A lot of us are sad to see Turner Field “move”; its held the same location for nearly a decade and has provided students with ample parking in its expansive blue lot. However, if and when it does move, Georgia State students will have no choice but to buckle up and face a familiar form of extortion by having to pay for parking elsewhere.
Aaron James, junior at Georgia State, said his main concern for Turner Field’s move is students will no longer be able to find free parking anywhere on or around campus.
Currently Turner Field is the only Georgia State-affiliated parking lot available to students to not require a parking permit. Chris Connelly of the university’s Auxiliary
Services said the lot has approximately 1,700 parking spaces–that’s potentially over a thousand students being forced to aimlessly circle Atlanta for parking, just to get to class on time.
Our massive commuter student population knows that the Blue Lot is available for registered student parking Monday – Friday between 7 a.m. to 10:30 p.m. and 7 a.m to 5 p.m. during Braves’ home games.
Those who do take advantage of the blue lot also know the issues that come along with it.
If you do park there, you either face a 15-to-20 minute walk to campus or you wait for the Panther Express Shuttle. Still, it’s worth free parking, right? I think so. But once it moves, that’s 1,700 of the only free parking spaces down the drain.
Limited student parking isn’t a new problem–in 2012, Students In The City, a blog featuring content by Georgia State students, highlighted the various issues our university’s commuter culture faced.
Fast forward three years later and the question still lingers in the minds of all commuters: Are we really going to be forced to pay to park on or near campus?
There will be challenges to provide students with parking, but, allegedly ,steps are being taken to expand our parking availability, according to Connelly. However, this potential expansion all relies on whether Georgia State will seal the Turner Field proposal.
Even if it does, the $300 million proposal seems to primarily have its sights on turning the land into more residential and sports facilities, only briefly mentioning “commuter student parking.”
I don’t know about you, but I’m not convinced that any brand new development by Georgia State will make free parking a priority.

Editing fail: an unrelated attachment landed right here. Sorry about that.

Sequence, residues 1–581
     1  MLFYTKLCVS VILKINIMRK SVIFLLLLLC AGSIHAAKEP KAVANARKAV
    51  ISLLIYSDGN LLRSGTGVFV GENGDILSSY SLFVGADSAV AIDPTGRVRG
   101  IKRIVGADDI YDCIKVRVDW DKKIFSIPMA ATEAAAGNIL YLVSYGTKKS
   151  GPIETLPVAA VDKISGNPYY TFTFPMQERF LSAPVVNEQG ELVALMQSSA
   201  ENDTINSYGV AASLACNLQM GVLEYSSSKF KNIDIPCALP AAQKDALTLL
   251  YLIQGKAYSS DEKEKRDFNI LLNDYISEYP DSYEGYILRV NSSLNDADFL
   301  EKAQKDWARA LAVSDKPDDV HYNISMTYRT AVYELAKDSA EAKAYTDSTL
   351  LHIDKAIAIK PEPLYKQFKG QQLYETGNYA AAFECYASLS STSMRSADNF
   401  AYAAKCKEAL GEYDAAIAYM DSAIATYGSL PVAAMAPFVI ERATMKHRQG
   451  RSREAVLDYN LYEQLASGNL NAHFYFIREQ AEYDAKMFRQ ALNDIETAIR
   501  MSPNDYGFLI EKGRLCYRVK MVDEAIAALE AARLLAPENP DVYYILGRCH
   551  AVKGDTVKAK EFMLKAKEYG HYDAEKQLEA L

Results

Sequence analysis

While we hold our breaths in anticipation of these developments and the big announcement over the fate of Turner Field and our parking situations, there are plenty of other parking options for students to choose from — that is if you’re OK with high costs, waiting lists and potentially not having a space at all.
Parking permits for M Deck, the Lofts residential housing and T Deck are currently $215 per semester. However, waiting lists are automatically blasted out to students in emails at the very end of the semester and its a mad dash to get your name on there. If for some reason you can’t, you’re simply S.O.L (student outta’ luck).
Also, there are additional hidden locations around the campus for parking, but they tend to be out of the way from a majority of the university’s campus buildings
A previous article in The Signal’s 2014 INCEPT Issue outlined a few of these locations, which included: the Shell Gas Station at $5 per day, the Lanier Parking Lot at $5 per day / $65 monthly and the Central Parking lot at $4 per day / $65 monthly.
While the costs for off-campus parking may come out to be a little cheaper than convenient on-campus spaces, the simple fact is that money adds up. Those who were already paying an arm and a leg in gas to commute each day really depended on the free Blue Lot Parking.
Now, they’re not just going to be inconvenienced, they’re going to be completely unable to get to campus at all.
Things are only going to get worse as an influx of prospective Georgia State students make their way to our campus in 2016 and beyond with the recent consolidation with Georgia Perimeter College.
I see this as a problem of Georgia State’s general attitude towards their students. The reason the Blue Lot is the only free parking space for students is because Turner Field had plenty to share.
In order to prevent such a scenario and help improve our current never-ending battles with student parking on campus, the responsibility is 100 percent university’s to pursue. Buckle up Georgia State: otherwise it’s going to be a bumpy ride.
(Story suggested by Aaron James Junior, English Major)